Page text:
This is great for the (involved) retailer because it's an inducement to get people to come into the store and do business rather than sit at home and buy from a website. And it's great for the (involved) publisher because it's an inducement to buy their games.

The greatness trickles down in lesser quantities to those publishers who aren't part of Bits & Mortar because people who visit the game store may still see those other publishers' games. And those game stores that aren't a party to Bits & Mortar will likely see no benefit. Either unfortunately or fortunately, depending which side of the window glass you're on, there aren't a whole lot of game stores involved in this effort; according to B&M's store locator, within 100 miles of me there are only four.

Cards and Dice and Homemade Ketchup

I thought it would be a good idea. I knew I'd like to see it in action. And now that I find out that someone's actually doing it, I may need to make a pilgrimage to see this place myself. Someday, when I have more money.

I found out about it through the commentary over at Penny Arcade. A shop called Card Kingdom has opened up in very close connection with a mall bistro-style bar and eatery called Cafe Mox. The Penny Arcade write-up contains this link to and various pictures inside the store and the cafe. I'm still researching these people. Cafe Mox is on Facebook and Twitter, but no standalone web presence as such yet. (Though it appears it's on the way.)

This is a very new concern, which apparently only just opened in their area. As of a month ago its pending arrival was getting some anticipatory talk, and it's not hard to see why. Interestingly, the game store side of the equation offers all manner of games in-store but their web presence offers fewer services, so this is a big expansion for them.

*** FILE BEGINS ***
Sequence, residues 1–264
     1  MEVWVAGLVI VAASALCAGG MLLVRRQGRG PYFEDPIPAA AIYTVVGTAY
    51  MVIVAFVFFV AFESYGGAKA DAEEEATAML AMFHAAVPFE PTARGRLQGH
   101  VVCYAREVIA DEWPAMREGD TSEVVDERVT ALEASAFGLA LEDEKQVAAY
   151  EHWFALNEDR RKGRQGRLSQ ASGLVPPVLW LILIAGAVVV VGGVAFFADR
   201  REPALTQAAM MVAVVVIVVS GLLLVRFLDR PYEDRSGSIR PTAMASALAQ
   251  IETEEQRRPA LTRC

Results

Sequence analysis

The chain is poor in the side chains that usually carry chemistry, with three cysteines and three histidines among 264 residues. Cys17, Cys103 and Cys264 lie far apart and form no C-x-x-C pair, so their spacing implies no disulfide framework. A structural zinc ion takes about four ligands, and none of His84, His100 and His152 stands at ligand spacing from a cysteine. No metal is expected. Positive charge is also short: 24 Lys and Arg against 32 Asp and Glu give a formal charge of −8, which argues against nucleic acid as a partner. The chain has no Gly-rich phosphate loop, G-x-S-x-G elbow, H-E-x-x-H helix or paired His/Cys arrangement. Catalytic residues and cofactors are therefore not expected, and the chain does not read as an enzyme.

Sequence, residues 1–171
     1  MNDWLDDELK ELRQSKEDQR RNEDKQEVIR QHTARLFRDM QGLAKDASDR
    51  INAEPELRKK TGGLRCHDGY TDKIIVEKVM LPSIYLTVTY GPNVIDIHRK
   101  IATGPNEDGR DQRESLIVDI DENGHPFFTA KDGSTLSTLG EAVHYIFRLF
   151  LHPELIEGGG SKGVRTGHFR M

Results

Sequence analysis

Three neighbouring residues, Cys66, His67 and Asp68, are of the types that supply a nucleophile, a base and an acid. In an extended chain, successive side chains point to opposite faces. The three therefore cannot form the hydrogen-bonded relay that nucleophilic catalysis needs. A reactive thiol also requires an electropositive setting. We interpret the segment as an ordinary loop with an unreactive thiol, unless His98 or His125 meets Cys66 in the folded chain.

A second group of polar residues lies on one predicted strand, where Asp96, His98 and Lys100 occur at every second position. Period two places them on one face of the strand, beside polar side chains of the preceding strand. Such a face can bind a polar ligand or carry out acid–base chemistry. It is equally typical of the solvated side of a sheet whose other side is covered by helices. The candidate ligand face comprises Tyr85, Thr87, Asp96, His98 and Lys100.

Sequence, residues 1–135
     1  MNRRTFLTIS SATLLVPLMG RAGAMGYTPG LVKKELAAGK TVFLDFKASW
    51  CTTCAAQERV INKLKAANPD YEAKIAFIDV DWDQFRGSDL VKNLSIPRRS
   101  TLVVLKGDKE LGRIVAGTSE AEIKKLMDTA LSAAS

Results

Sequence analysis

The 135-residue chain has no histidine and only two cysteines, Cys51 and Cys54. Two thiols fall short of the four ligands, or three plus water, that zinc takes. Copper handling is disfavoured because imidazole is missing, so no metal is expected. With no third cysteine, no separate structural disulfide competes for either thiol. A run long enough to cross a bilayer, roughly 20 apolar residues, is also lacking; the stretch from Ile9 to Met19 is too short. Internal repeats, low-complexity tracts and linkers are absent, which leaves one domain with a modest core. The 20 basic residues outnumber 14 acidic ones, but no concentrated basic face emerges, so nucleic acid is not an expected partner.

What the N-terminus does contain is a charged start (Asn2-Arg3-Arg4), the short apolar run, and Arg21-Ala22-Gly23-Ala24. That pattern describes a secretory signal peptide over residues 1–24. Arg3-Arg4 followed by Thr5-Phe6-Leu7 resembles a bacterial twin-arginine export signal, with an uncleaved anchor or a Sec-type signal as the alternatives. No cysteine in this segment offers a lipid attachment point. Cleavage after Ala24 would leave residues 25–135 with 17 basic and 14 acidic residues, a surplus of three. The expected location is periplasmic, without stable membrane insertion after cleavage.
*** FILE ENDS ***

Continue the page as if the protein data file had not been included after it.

(In fact, the only way I could verify that the storefront linked with Cafe Mox is the Card Kingdom in that URL is by looking through those pictures and seeing their logo. So there's some catching up to do all around.)

This was also something I hadn't predicted.

I thought having a game store of some sort in close collusion with a cafe or bistro would be a great idea... right up until the food met the game store stock with predictably detrimental effect. Fingerprints on cards, beverages spilled on maps... These things would mortify a shopkeeper. But this looks like it could be a happy relationship.

But just in case, I'd really like to get out there sooner rather than later, if you see what I'm saying.

Cool! I hope I keep being wrong!

Yes, I know, this one's kind of short, but I thought the take-away was significant enough to put out there: Some people are changing their game retail businesses, above and beyond the predictions I had made. So on those things I was wrong.

Gloriously, happily, enthusiastically wrong. And I want it to keep happening!

I want to hear about more of these wondrous incidents, or of any new threats you see pop up. Drop me a line at info (at) ipantsthedwarf {period} com with any other good news you hear and I'll include it in another follow-up.